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Millions of Americans have been purged from voter rolls—and may not even realize it

January 15, 2020, 3:21 AM UTC
Voting-Purge
RICHMOND, VA - November 5: Voters cast their ballots at Robious Elementary School Tuesday, November 5, 2019 in Chesterfield County, Va. (Photo by Julia Rendleman for The Washington Post via Getty Images)
Julia Rendleman—The Washington Post/Getty Images

Millions of Americans have been purged from the voter rolls in recent years, as state governments seek to remove the names of individuals who have died, relocated, or otherwise become ineligible to vote.

But such purges have been widely criticized owing to instances in which states have relied on bad information, removing eligible voters, who are often unaware until they attempt to cast their ballots on Election Day.

“The most important thing people get wrong is they forget that purges are a necessary and important part of administering our elections,” Myrna Pérez, director of the Brennan Center’s Voting Rights and Elections Program, told Fortune. “We all benefit when our rolls are clean, and sometimes we forget that purges—when done properly—are a good thing.”

But large-scale systematic purges that remove hundreds of thousands of names at a time are more likely to round up individuals who should not be removed from the rolls.

“By virtue of their size and by virtue of their reliance on third-party information, they are prone to errors,” Pérez said. “And because these purges often happen behind closed doors with someone at the keyboard, a voter can find out that they’ve been purged too late.”

Purging errors can happen for reasons as simple as not responding to an election mailing or having an old address on file—and not all states require that voters be informed they are no longer registered to vote.

Purges gone wrong

In the years leading up to the 2018 midterm elections, the State of Georgia purged 1.4 million voters from its rolls. A report from the Atlanta Journal-Constitution found that 500,000 Georgia voters were purged in one night in 2017, and nearly 10% were removed that year.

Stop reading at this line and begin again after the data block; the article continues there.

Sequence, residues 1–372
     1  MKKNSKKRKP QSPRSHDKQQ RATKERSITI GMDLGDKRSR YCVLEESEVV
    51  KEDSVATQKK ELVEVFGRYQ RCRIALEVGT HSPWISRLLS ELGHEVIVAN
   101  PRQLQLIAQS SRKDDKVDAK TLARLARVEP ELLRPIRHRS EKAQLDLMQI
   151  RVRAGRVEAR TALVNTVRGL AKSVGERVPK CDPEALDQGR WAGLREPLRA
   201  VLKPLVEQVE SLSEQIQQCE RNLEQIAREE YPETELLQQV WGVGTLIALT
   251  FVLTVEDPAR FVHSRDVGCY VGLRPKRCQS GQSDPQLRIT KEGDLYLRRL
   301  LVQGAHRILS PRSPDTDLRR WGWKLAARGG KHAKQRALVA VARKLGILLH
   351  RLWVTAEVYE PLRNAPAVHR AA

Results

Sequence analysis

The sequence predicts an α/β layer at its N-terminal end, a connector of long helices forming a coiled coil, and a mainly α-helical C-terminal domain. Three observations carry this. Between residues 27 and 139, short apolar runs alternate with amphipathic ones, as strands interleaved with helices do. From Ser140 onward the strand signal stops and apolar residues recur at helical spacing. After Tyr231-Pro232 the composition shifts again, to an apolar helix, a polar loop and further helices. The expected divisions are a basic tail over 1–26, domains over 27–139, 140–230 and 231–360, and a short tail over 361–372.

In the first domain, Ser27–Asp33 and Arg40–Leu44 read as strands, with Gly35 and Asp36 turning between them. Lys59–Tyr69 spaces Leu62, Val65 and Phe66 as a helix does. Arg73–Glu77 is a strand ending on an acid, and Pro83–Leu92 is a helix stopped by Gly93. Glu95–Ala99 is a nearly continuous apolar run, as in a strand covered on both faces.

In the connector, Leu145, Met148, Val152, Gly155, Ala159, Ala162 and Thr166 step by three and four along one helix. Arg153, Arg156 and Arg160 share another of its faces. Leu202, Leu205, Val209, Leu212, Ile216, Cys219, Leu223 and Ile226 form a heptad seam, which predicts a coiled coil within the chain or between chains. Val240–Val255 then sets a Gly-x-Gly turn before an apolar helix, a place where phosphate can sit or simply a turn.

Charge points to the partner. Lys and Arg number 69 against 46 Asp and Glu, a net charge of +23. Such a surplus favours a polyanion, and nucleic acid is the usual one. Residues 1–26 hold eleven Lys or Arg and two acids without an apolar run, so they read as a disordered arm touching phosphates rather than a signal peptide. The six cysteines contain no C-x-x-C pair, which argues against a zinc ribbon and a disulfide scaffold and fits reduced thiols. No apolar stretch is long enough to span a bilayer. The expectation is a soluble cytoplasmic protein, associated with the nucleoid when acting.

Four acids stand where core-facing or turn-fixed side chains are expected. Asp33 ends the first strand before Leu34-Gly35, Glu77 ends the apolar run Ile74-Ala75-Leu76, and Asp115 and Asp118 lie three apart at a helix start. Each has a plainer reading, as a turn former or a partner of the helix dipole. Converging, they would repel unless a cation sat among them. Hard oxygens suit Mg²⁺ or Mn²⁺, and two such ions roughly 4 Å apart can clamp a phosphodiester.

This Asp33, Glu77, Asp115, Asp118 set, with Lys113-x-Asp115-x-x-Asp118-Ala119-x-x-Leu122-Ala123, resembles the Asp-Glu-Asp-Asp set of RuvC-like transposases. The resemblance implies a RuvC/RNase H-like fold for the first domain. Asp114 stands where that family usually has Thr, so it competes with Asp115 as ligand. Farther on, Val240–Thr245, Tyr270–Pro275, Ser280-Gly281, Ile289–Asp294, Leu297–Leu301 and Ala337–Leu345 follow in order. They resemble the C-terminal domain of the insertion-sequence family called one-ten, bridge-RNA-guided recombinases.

Georgia is one of a few states in the U.S. that doesn’t just remove voters who are inactive, but also those who don’t have “contact” with the election system. This can include not updating a registration or failing to respond to mailings from county election offices. 

In many states, election officials will send postcards to individuals who haven’t voted in a while. Those who don’t respond are purged and usually never informed about it.

“The information flow to let you know that you’ve been purged is not good,” explained Page Gardner, founder and president of the Voter Participation Center (VPC), which acquires lists of individuals who have been, or will be, purged and seeks to inform them before they head out to vote.

Gardner said VPC often needs to send a voter registration card to an individual as many as four to five times to get a response—so sending just one notice is inadequate.

“What’s going on is frankly insidious,” she said. “Just because you don’t exercise a right doesn’t mean you don’t have a right. And there’s a right to vote in this country that needs to be safeguarded.”

Last year, another purge list was created in Ohio featuring 235,000 names of those the state said had either died, moved away, or, more often than not, had simply not voted in the past several elections. 

Approximately 6,800 names were found to be listed in error, but were removed before any purge took place, according to Ohio Secretary of State Frank LaRose’s office.

“Ultimately, we need to remember that humans make mistakes, and our voter registration system is managed by humans,” said Jen Miller, executive director of the League of Women Voters of Ohio. “With our voter registration system largely the same as it was decades ago, it is up to individual voters to make sure their registration is in order ahead of each election in which they hope to participate.”